For years, builders of hybrid-electric systems have been saying that prices for lithium ion batteries they need would be coming down, which would make these fuel-saving vehicles more affordable.
It'll happen, because more battery factories here and abroad will start operations, and greater supplies of batteries will reach the market, they said. They were right.
The cost per kilowatt-hour for li-ion batteries has indeed been slowly dropping for the past two or so years, and is expected to plunge by 30 percent by next year, according to a December report by Deutsche Bank forecasters. They said the cost will fall from today's $650 per kilowatt-hour to $250 by 2020. A year earlier, in November 2009, the forecasters had estimated the 2020 price would be $350.
That news was presented last month at a meeting of the Technology and Maintenance Council of the American Trucking Associations. Mark Kachmarsky, executive director of engineering for Zero Truck Corp., showed a Deutsche Bank chart with its steadily shortening bars at a TMC Hybrid Trucks Task Force session. It is encouraging for anyone in the hybrid- or plug-in electric truck business.
That includes Zero Truck, which has begun converting diesel-powered medium-duty trucks to full electrics. Now operating temporarily in Irvine, Calif., Zero plans a move to Allentown, Pa., in the next month, says Kachmarsky (a former Mack Trucks staffer). Zero hopes to produce 70 vehicles in its first year, several hundred the next, and so on.
Eaton Corp., the principal supplier of electric-drive hybrid systems for medium-duty trucks, recently announced that more than 4,500 of its systems are working in delivery trucks and school buses, and have operated more than 100 million miles. Development was under way in the late 1990s, prototypes were running by the early 2000s, and Freightliner Custom Chassis Corp. installed the first systems on a production line in 2005, Eaton says. They went into walk-in van chassis, and package-delivery trucks continue to be a regular application as FedEx and UPS continue buying them. Hybrid/electric economics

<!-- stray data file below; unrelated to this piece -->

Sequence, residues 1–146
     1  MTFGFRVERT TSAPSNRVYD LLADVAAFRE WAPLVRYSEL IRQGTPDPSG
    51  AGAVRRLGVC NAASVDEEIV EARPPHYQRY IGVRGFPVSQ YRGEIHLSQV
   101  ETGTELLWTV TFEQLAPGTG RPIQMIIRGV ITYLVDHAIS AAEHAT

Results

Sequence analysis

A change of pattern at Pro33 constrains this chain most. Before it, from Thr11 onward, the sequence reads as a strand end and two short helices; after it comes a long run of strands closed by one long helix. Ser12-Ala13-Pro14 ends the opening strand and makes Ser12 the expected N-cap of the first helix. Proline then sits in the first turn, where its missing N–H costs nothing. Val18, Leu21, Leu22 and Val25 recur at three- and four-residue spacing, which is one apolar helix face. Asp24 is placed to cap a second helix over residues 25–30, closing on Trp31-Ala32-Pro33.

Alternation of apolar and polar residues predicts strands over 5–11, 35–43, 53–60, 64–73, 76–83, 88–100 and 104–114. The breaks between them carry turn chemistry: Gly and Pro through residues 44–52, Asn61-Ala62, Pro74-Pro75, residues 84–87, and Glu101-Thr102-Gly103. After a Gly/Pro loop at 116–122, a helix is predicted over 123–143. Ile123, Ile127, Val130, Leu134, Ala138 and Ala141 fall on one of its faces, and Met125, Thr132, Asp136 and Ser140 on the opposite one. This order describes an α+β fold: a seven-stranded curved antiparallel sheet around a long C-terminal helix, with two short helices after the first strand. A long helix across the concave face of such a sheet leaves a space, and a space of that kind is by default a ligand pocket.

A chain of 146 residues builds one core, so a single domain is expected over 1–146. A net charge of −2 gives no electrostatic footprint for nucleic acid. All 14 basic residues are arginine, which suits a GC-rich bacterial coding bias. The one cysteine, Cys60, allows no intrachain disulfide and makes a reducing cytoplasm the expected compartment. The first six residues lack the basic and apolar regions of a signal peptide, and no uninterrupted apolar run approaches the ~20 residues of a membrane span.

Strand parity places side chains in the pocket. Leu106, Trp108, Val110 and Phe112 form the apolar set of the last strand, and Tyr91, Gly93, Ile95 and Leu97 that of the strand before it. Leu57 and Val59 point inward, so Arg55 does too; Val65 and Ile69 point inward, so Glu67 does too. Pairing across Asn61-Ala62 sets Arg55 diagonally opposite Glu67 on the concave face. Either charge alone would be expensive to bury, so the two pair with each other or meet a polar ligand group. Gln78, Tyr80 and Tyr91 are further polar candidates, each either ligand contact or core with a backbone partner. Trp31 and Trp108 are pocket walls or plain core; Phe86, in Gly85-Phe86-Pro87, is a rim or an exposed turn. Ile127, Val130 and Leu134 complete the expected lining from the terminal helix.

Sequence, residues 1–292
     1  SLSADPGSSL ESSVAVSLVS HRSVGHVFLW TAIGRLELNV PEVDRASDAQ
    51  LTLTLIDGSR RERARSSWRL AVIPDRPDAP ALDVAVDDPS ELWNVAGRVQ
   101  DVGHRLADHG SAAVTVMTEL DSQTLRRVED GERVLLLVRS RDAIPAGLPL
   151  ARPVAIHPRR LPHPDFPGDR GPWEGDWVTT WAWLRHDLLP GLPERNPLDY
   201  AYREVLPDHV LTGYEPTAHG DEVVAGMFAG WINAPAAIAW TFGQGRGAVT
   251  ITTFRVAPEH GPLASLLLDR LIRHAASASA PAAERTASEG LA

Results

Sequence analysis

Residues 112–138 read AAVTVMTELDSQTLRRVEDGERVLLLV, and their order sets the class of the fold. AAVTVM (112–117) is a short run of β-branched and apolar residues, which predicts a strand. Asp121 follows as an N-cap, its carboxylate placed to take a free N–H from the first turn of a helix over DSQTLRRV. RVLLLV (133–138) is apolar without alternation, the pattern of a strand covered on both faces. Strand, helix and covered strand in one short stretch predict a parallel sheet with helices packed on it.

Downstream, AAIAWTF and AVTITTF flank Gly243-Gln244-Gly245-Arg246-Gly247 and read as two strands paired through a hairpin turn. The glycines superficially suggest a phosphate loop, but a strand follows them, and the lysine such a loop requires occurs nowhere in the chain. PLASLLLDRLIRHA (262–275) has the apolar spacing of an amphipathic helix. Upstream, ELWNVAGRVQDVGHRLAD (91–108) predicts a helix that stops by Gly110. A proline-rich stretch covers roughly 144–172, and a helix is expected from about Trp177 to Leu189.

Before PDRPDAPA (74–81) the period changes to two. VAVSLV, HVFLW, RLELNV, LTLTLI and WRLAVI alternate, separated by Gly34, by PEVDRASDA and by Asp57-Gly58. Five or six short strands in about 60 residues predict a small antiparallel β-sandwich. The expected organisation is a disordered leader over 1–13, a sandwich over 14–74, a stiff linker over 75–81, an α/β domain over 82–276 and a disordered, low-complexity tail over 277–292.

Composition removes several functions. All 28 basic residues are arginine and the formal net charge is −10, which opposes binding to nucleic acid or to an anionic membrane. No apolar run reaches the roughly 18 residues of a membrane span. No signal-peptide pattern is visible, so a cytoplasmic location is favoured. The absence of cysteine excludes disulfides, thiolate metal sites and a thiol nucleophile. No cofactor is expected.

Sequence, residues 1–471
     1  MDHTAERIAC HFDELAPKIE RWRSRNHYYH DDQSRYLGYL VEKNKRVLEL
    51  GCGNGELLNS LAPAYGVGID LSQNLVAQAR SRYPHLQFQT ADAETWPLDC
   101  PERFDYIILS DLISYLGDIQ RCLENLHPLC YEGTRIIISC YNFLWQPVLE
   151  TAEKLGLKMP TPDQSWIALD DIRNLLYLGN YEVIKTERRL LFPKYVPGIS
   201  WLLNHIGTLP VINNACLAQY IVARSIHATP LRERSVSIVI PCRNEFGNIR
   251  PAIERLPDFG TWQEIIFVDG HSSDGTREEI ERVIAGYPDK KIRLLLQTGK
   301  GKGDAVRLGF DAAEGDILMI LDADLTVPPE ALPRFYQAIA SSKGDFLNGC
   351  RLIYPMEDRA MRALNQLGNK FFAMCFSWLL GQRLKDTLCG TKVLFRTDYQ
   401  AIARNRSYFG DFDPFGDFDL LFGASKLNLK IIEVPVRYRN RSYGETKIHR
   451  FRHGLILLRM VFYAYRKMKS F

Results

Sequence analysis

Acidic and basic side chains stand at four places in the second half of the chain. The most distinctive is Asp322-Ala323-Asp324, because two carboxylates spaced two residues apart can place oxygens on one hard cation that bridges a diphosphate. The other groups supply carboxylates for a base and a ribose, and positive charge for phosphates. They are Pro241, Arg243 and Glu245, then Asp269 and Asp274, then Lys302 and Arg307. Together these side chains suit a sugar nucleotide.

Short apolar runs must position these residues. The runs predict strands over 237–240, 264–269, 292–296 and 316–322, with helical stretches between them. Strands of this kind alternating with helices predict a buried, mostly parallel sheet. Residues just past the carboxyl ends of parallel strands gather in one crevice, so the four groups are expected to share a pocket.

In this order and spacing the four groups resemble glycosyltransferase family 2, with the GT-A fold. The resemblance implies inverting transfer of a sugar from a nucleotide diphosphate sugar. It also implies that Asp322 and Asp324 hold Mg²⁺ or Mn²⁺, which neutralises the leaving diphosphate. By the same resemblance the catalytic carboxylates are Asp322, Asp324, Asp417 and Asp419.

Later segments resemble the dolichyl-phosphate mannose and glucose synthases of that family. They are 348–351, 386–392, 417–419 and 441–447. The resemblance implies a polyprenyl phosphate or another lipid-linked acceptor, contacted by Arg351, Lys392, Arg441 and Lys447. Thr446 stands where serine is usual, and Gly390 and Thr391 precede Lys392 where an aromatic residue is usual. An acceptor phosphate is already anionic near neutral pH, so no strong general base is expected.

Yet economics have made the business a hard sell. Hybrids save 30 percent or more in fuel costs while cutting emissions and brake wear. They seemed to be heaven-sent as prices for diesel fuel spiked to $4 and $5 per gallon in 2008. But the price run-ups quickly fell to moderate levels, about $3 on national average, and stayed there for two years. Reasonably priced fuel discouraged investment in the expensive vehicles.
Hybrids cost 30 to 50 percent more to buy than straight diesel trucks, and the first plug-in electrics, which hit the commercial market in the last two years, are two to three times the prices of diesel and gasoline trucks. Although fuel has been inching up again, to about $3.50 or so per gallon nationally, fuel savings alone still cannot pay for those premiums, at least not soon enough to make a decent business case.
Last year, Guy Rini, chairman of the TMC task force (another former Mack engineer who remains active in the hybrid truck business), determined that fuel needs to climb again to the $4 to $5-a-gallon level for diesel-electric hybrids to pay for themselves in fuel savings alone. At $3 per gallon, the return on investment on a heavy trash collection truck was out to 11 years, according to one fleet executive's estimate. Rini says more expensive fuel remains a necessity to make a business case for hybrids.Grants and good deeds
Federal tax credits had offset some of the price premium for hybrids and alternative-fuel trucks, but they expired Dec. 31. Several members of Congress have introduced bills that would restore the credits or make outright monetary grants to purchase the fuel-saving and pollution-reducing trucks. Given the new tightfisted mood by many in Congress and even the White House, the bills might or might not pass.
State grants still help, however. In its last fiscal year, California's Air Resources Board spent $20 million to help public and private fleets buy about 650 hybrid trucks and buses. This year the amount will be $18 million. Local air quality districts kicked in more money and will continue this during 2011, a CARB announcement says.
Interested fleets can go to participating dealers to apply for vouchers worth $10,000 to $25,000 each for light and medium-duty hybrids and zero-emissions vehicles, and $30,000 each for heavies. This year's program launched Feb. 15 and the money is expected to go fast. More information is at www.californiahvip.com. There are grant programs in 13 other states, CARB says.
Will lower battery costs change the payback game for buying without grants? Probably. If li-ion battery prices fall 30 percent next year as predicted and hybrid vehicle prices fall a like amount, return on investment time would obviously also drop. But more expensive fuel would still be needed to pull the ROI down to the one or two years that business people believe is necessary. At press time, diesel prices had risen for the 12th week in a row, to over $3.57 per gallon.
Even without a fuel price run-up, going "green" is enough for some buyers. The idea of cutting exhaust emissions and saving fuel, thus reducing our dependence on foreign oil, makes some buyers feel good. And it gives them bragging rights to use on shippers and the public. That, and encouragement by clean air authorities, will ensure that hybrids and electric trucks will persevere. From the March 2011 issue of
Heavy Duty Trucking magazine.